Melinda stores memories inside chickens – uncaring birds.
Eats. Cleans. Makes a cup of tea.
Sitting by her window she knits long scarves. Hobbies are a good thing.
It all feels like calling home and speaking in a foreign accent, or like a strange cat sitting on her armchair.
Melinda used to have her rooms full of nightingales. Sometimes she flashed them at people.
Well, she is only human.
But counting nightingales before they sing all their songs is a cheater.
It comes as a missed train, as rain inside the brain; as unequal exchange, torn page, minimum wage. It comes as derealization, depersonalization, as minding the gap but still getting your foot stuck in it; as varicose vein, chest pain, not so sweet martha lorraine. It comes as blue, to paint blue the heart; as human factor, x-factor, max factor. It comes as grabbing hands, twisted arms, naked light bulbs; as consumable products, consumable contacts; as dropping leaves, dropping hints, dropping names (even her name has gone out of fashion). It comes as untied love knots, as mispronouncing your deepest thoughts. It comes as leaving, it comes as staying; it comes as anything, as everything.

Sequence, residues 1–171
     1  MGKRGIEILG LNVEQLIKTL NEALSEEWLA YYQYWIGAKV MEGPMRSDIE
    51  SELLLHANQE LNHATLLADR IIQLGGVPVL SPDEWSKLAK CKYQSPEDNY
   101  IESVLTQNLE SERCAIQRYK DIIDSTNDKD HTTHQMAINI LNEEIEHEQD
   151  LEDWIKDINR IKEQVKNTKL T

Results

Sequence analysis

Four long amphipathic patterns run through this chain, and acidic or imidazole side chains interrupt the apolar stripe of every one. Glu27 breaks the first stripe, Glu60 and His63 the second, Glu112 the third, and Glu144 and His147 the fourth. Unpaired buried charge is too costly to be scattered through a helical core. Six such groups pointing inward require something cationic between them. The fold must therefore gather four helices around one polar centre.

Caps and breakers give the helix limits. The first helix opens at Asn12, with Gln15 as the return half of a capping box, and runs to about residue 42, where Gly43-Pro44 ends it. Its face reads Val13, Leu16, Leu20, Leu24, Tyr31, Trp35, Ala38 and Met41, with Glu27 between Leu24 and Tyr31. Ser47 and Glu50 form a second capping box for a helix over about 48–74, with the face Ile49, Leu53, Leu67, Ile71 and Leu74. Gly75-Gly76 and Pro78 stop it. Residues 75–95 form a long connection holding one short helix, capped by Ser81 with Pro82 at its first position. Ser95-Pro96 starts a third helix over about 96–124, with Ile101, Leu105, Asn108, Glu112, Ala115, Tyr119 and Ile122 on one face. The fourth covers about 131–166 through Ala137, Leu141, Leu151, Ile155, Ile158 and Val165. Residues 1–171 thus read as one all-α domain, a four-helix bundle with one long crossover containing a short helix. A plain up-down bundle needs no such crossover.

Some call it fate, say it spreads like butter on a staircase.
Others the biggest joke there is.
One day Melinda didn’t feed her oven.
She took no nonsense from dishes who claim the road to feelings is perplexed.
She gulped down all tendencies to be nice to herself.
First she had a tall drink.
The world was off somewhere, grinning at caged giraffes, taking pictures of quaint cottages or bloodsucking.
Millions of fibers clinging to each other, loop chains growing longer and longer.
Fate was Melinda knitting scarves, pushing the needle with a bruised thumb.
Making a big bad loop, she turned herself into a hanging ornament
while a ladybird was passing outside her window.
MELINDA’S LONG SCARF SYNDROME was originally published on Rat’s Ass Review, Winter 2017 Issue, 10/12/2017
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